My gut feeling is telling me I could be setting myself up for a law-suit, loss of license, or worse the loss of this baby's life.
    My first day is supposed to be Sunday, should I call and tell them I'm not comfortable with the case without adequate hands on orientation? Or am I just being a nervous new nurse?
  2. Visit  ratgirl63 profile page

    About ratgirl63

    ratgirl63 has '3' year(s) of experience and specializes in 'Home Health'. From 'Louisville, KY, US'; Joined Sep '10; Posts: 8; Likes: 19.

    12 Comments so far...

  3. Visit  dakotadenise profile page
    I am also new to private duty, but that would scare the bejezzes out of me! I had one day of orientation in each of my two cases, and they only had g/j tubes and oxygen (and varies AFO's/suction, etc). I would def. call and say I was not comfortable. There might be another nurse that was off that day that could at least be there with you. Also my agency said that although parents usually do know alot about the cares, they are never allowed to "train" us. Good luck!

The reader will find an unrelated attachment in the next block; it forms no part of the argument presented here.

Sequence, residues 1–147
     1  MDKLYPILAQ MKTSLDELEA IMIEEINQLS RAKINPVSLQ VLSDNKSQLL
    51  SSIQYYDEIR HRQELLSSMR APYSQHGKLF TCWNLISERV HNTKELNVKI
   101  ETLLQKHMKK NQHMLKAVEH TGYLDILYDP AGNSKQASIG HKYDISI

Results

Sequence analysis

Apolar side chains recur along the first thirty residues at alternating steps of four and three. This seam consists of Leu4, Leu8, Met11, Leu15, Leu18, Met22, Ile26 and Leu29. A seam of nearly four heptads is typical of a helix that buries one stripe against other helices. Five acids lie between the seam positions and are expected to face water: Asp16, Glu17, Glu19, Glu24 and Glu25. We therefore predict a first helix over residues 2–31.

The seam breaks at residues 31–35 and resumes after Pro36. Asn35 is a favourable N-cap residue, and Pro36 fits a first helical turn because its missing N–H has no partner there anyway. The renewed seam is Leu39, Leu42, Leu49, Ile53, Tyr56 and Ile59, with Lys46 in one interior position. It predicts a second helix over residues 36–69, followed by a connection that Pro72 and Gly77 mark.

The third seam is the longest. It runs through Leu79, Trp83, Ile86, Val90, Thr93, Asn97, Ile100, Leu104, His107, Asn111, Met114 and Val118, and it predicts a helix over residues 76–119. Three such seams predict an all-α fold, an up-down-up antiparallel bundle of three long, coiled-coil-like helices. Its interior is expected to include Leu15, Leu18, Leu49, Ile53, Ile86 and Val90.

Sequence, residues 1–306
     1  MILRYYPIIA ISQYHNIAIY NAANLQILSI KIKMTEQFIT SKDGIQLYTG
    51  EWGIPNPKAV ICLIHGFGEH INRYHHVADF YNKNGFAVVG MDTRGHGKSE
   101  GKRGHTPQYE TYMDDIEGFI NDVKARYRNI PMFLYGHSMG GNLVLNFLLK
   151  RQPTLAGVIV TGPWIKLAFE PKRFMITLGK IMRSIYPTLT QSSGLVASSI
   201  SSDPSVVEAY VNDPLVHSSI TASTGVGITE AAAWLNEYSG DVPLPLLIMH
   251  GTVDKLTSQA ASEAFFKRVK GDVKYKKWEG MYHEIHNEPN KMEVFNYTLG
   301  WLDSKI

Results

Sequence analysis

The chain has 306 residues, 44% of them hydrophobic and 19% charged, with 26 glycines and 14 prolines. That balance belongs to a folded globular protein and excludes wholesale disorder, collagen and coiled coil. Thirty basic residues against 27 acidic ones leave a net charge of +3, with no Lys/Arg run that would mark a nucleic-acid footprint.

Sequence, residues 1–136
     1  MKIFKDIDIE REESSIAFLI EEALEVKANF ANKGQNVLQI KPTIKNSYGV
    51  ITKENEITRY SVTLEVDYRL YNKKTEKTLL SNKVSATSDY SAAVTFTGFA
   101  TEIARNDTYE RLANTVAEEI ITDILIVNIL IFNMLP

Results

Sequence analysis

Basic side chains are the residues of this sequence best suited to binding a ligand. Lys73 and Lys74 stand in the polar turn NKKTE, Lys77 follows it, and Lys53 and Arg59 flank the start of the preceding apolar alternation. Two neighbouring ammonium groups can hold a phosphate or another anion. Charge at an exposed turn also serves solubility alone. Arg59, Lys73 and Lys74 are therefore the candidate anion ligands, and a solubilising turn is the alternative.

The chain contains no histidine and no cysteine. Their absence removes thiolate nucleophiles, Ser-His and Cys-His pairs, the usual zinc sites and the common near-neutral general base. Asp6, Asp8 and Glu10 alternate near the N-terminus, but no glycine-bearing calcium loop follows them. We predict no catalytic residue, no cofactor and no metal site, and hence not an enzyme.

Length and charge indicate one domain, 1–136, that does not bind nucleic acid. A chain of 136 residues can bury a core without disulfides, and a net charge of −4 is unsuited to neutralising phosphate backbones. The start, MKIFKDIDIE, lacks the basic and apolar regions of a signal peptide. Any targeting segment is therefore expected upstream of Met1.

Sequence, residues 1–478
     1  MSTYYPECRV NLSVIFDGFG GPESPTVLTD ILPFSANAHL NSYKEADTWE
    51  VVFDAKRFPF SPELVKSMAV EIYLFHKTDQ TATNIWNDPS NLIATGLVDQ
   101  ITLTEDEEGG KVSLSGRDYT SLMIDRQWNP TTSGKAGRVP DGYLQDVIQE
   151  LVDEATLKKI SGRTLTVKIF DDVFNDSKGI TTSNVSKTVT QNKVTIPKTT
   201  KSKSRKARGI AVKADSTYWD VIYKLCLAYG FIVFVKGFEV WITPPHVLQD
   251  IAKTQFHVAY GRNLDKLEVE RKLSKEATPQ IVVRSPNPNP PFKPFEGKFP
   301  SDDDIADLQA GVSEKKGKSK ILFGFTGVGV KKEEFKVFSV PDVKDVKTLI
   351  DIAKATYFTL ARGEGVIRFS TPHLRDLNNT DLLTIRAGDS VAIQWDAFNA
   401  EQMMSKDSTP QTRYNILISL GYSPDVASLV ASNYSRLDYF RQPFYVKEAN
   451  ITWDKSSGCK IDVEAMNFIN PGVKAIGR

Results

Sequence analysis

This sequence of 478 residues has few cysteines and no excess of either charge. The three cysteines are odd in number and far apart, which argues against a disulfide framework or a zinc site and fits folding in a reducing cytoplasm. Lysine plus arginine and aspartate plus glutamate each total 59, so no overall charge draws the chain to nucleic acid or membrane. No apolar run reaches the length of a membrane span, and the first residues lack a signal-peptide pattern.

4. Visit  Nrsasrus profile page
    I'm a new nurse, too. Whenever I am confronted with a situation that makes me uncomfortable I remind myself that I know more than I think I do so my gut instincts are important. I also ask myself what is the worse thing that could happen if I screw up. If the answer is something bad or if I don't know the answer I ask someone. Sure I have had some more experienced nurses roll their eyes at me on a few occasions but I don't think there has ever been a nurse who harmed some one or lost his/her license by asking for help.
  5. Visit  fireball78 profile page